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September 30, 1953 - Image 3

Resource type:
Michigan Daily, 1953-09-30

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M -


7-6, To Open Fraternity Football

Pilams Surprise Betas, 8-0;
Delta Tau Delta Stops SAE

Sigma Alpha Mu came from be-
3ind yesterday to whip Zeta Beta
rau, 7-6, as the fraternity foot-
ball season opened at Ferry Field.
ZBT took an early 6-0 lead in
the first few minutes of play, when
Stan Levinson passed to Dick
Klein for a touchdown,rbut the
Sammies came back strong late
in the game as Warren Werthei-
mer hit Dick Radway in the end
zone with a pass'to knot the score.
Wertheimer then proceeded to lob
a pass to Tom Kovan for the extra
point to give SAM the win.
* * *
PI LAMBDA PHI upset Beta
Theta Pi, 8-0, as Howie Guggen-
heim fired a first half touchdown
pass to Dick Gilden. Mary Cherin
set up the play with a timely in-
The Pilams sewed up the con-
test in the second hpalf when
they scored a safety soon after a
15 yard Beta penalty, which was
assessed for illegal use of the.
Another fraternity contest saw
Delta Tau Delta whip Sigma Al-
pha Epsilon, 13-6. The Delts op-
ened the scoring when Al Price hit
Ed Bassett with a' 20 yard touch-
down pass, and increased their
advantage to 13 points when Max
Daniels skirted his left end for
a 40 yard touchdown run. SAE's
Jim Henson intercepted a pass
too late to halt the victorious
* * *
THE DAY'S biggest score was
rolled up by Alpha Phi, Alpha as
it steamrolled Phi Sigma Delta,
24-13. Led by baseball and basket-
ball star Don Eaddy, who tossed
three touchdown passes, the Al-
pha Phi Alphas were never head-
Eaddy pitched two payoff
passes to Barney Putnam, and
another to basketballer John
Codwell. Emile Riley scored the
other Alpha Phi Alpha touch-

down when he intercepted a
pass and ran 40 yards to score.
Lambda Chi Alpha also showed
that it must be reckoned with this
season, as it blasted Zeta Psi, 19-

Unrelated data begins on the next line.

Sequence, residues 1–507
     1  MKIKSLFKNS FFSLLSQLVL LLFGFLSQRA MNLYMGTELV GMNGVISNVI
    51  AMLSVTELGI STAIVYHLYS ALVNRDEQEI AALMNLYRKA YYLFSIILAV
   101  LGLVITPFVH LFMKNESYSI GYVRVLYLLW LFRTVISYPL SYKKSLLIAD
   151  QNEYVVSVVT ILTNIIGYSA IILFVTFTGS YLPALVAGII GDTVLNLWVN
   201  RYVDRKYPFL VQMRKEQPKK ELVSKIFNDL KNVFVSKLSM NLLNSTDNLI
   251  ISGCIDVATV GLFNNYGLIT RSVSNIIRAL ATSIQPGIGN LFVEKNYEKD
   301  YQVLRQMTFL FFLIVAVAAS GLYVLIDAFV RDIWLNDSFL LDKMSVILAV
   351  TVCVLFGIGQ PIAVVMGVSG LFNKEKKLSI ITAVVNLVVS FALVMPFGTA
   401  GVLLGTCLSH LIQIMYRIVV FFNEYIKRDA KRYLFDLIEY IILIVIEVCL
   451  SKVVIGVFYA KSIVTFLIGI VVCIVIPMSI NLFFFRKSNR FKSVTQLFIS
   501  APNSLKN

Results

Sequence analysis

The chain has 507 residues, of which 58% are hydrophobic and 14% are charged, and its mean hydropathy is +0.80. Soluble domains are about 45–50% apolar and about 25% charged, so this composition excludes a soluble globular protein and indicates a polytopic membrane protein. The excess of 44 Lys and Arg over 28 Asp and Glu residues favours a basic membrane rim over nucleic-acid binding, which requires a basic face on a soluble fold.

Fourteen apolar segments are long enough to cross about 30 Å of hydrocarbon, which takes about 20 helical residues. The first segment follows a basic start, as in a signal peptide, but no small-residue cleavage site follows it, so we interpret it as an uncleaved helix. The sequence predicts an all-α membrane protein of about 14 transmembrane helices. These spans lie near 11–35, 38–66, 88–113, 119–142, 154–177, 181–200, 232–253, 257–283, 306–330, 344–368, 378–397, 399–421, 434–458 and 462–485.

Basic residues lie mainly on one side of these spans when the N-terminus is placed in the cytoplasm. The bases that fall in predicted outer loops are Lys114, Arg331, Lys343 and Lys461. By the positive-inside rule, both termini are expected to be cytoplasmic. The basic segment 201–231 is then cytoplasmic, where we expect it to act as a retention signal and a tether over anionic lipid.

7. Lambda Chi's Hal Kruger tossed
twice to Don Scotilla and once to
Dick Good for touchdowns.
CHI PHI topped Delta Kappa
Epsilon, 6-0, as Lee Krumbholz
tossed a 30-yard pass to Jim Ru-
pert, a pass which brought Chi
Phi to the Deke five yard line. On
the next play, Krumbholz faded
back and hit Jim Howell in the
end zone with a perfect pass to
give Chi Phi the game.
In a stunning upset, Sigma
Phi Epsilon was defeated by Phi
Kappa Psi, 7-0. Bill Roeder fir-
ed a 15 yard touchdown pass to
Dick Heasley to spell doom for
the Sig Eps.
Alpha Sigma Phi proved too
much for the men of Triangle, as
it pulled out a 12-0 victory. Tom-
my Ehman intercepted a Triangle
pass and ran it back 35 yards to
score, and shortly thereafter toss-
ed a 40 yard touchdown pass to
Bill Eckerman for the Alpha Sig's
second score.
In a real thriller, Alpha Delta
Phi defeated Theta Xi, 6-0, on
the last play of the game. With
but seconds to go, "Smoke" Ash-
enbrenner took a five yard pass
from Rog Mulier to score the
In another thriller, Sigma Nu
downed Psi Upsilon, 7-0, in an
overtime period. Jules Hanslovsky
caught a 50 yard pass from Jim
McGarvey to win the game.
In other games, Kappa Sigma
won a low' scoring contest from
Phi Sigma Kappa, 2-0, when Phi
S i g m a K a p p a intentionally
grounded the ball in their own
end zone late in the game, and
Alpha Tau Omega gained an easy
forfeit win over Trigon.

Open Drills
For Tulane
Michigan's football squad drank
twelve gallons of water yesterday
and poured twelve more gallons of
sweat into their preparations for
the season's second game against
Tulane Saturday.
Oblivious of their quick rise in
the weekly sportswriters' AP and
UP polls, the playershwent quiet-
ly through another heavy prac-
tice much the same as has been
happening since the opening of
THE EARLY portion of the aft-
ernoon was devoted to defensive
work by the first stringers against
Tulane's offensive plays, both
passing and running. The Green
Wave develops these plays from
the T-formation.
The Wolverines spent the re-
mainder of the day running of-
fensive maneuvers through the
dummies, using as big a variety
of backfield combinations as was
seen in Saturday's slaughter of
the Huskies.
It is rumored that the coaches
are avoiding scrimmaging in the
hope of forestalling injury to key
players. Right now the Maize and
Blue is reportedly in top physical
shape, having no men out with ser-
ious injuries.
Little immediate action was
taken to improve on the Wol-
verines' poor showing in the con-
versions column against Wash-
ington-they made only two
good in eight attempts-but
players engaged in this pastime
were requested to don uniforms
earlier in the future to allow
more time for booting practice.
Oosterbaan topped off yester-
day's drill with the varsity en-
gaging in wind sprints. During the
latter part of practice, varsity
fourth string players faced the
freshman team opposition in a
short scrimmage.

V Now A ,
Golden Anniversary Attracts
Baseball Celebrities to Series

Midwest Elevens in Heavy Workouts

(Continued from Page 1)
First game probable starting
lineups (batting averages and